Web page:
Honking

No you don’t sir, I replied. You are just being sympathetic to me. You have to be home to understand what I have just shown you. Home is the madness that only home understands. You have to be Nigerian to understand what brought me to this wood to embrace noise.


It all started yesterday afternoon with my feeling cheated that I paid for my car when I bought it in 2014 and nobody warned me that there are parts of it that I will never get to use because of the culture of Obodo Oyibo.

If you sell me a car, and the culture of your society says that I will never get to use the horn, should you not have deducted the cost of that useless, extraneous part from the overall price of the car? This is car number 6 or 7, since my student jalopy days back in British Columbia. Six cars, twenty years, two countries (Canada and the US) and I can’t remember ever having had to honk, sorry, to horn. Not once.

Yesterday, I had had enough. Besides, there was this sudden, urgent, raw hunger of the soul for the chaotic symphony of car horns in the streets of homeland, especially Lagos. The musical composition that a Lagos driver cannot deliver with his car horn has not yet been composed by any musician. And the beauty of it all is that he absolutely does not need to horn most of the time he does it. Gestural noise pollution is part of the prosody of impunity that only his Nigerian culture underwrites with its own esoteric logic – incomprehensible to the outsider.

On the drive home, I think it was my spirit that took over the car. I headed to the woods, far from civilisation, far from where I could disturb anybody. I parked and started to recreate all kinds of symphonies in e flat major and e flat minor with my car horn.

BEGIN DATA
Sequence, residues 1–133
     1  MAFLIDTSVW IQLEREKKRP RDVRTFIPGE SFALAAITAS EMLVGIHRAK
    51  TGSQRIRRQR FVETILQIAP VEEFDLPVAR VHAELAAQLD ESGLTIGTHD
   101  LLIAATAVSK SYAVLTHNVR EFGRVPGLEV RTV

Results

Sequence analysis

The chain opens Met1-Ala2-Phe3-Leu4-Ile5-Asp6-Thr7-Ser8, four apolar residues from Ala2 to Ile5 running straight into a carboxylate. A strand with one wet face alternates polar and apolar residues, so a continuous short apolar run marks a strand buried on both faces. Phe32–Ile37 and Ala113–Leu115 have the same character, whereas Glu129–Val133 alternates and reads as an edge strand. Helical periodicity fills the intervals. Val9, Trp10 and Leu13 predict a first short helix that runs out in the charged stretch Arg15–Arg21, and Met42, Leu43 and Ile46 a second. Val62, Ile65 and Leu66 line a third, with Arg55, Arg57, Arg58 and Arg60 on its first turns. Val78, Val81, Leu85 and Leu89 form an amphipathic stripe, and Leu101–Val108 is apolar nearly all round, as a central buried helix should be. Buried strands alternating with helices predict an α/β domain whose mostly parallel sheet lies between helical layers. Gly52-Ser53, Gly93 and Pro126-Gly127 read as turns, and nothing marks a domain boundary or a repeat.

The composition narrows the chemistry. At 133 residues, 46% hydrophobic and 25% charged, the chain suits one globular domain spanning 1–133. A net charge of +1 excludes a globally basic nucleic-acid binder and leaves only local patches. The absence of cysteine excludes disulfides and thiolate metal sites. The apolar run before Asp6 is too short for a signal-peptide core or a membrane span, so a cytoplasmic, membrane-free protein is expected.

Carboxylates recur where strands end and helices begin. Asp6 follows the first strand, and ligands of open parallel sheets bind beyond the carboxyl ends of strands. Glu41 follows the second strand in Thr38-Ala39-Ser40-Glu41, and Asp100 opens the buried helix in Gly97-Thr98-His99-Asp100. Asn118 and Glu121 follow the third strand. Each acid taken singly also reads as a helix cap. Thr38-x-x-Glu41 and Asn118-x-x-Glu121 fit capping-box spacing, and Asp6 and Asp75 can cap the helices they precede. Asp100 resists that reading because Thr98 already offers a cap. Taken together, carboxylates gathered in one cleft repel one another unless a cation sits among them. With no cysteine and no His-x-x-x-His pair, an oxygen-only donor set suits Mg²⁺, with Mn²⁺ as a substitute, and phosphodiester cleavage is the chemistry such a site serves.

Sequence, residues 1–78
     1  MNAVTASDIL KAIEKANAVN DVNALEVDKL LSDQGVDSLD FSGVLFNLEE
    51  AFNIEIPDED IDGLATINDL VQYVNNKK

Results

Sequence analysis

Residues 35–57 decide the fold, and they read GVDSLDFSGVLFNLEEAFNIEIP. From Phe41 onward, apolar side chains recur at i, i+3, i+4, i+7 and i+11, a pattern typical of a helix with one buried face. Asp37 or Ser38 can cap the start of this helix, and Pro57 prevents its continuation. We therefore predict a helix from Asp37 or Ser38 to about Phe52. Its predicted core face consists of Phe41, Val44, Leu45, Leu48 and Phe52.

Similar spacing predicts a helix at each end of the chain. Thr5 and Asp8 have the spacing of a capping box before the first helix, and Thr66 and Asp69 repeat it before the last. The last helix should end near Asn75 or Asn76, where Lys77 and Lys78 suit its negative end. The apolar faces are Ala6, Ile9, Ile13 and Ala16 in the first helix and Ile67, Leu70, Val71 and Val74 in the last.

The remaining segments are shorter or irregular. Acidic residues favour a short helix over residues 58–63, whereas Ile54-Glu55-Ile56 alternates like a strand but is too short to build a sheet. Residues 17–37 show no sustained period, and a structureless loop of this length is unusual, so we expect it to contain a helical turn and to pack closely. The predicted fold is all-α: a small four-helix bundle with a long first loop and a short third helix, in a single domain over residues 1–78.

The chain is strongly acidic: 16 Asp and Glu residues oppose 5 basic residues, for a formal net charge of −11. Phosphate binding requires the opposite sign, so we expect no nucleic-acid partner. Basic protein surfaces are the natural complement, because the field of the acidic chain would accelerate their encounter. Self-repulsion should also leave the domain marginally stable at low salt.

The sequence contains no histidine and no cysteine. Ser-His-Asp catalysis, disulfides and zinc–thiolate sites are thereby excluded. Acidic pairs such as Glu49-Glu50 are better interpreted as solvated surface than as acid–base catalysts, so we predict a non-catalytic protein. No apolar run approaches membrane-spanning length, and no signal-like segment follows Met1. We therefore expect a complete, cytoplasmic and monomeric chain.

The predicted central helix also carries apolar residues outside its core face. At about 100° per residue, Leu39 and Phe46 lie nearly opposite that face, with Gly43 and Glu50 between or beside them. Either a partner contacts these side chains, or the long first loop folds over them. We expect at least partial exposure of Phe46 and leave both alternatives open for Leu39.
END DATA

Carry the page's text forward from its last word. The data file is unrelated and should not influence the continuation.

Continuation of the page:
Then I tried apala with my car horn – to ba gba kobo kan abo mi o le fe.

Then I tried fuji with my car horn – I wanna de le se Papa Tosibe o, I wanna de le se tosibe ventures.

Then I tried Dagrin, Banky W, Olumide, and 9ce.

Then my soul was satisfied that I had had enough psychic communion with the decibel chaos of my birth land, away from the order of Ottawa where the car horn is useless.

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Feeling satisfied, I made to leave. The uniformed security guard arrived. Apparently, I wasn’t on some unclaimed forest patch like I had imagined. I was on guarded private wooded property.

Sir, are you alright?

I assured him there was no problem. He did not believe me. He said I was honking loudly and desperately for nearly two minutes before he set out to investigate where the commotion was coming from.

You are sure you are not stranded sir? Did you miss your way? Engine fault with your car?

I reassured him again. Then the oddity of telling him that I drove all the way from Ottawa into the woods here for the express purpose of honking. Seeing that he was still incredulous, I assured him that I didn’t need the sort of help he was now certainly thinking of.

I brought out my phone to see if I had signal. Luckily, there was signal. I went to YouTube and randomly looked for a Lagos traffic honking scene. I found what I was looking for – a Lagos symphony orchestra of a thousand drivers honking needlessly in free flowing traffic. I showed him.

This is my homeland, I said, this is what I missed so badly I had to drive here to recreate it.

We both burst out laughing. A jolly good fellow he was.

Ah, I understand, he said.

No you don’t sir, I replied. You are just being sympathetic to me. You have to be home to understand what I have just shown you. Home is the madness that only home understands. You have to be Nigerian to understand what brought me to this wood to embrace noise.

We laughed again.

I shook his hand warmly.

And drove off.

Pius Adesanmi, a professor of English, is Director of the Institute of African Studies, Carleton University, Canada.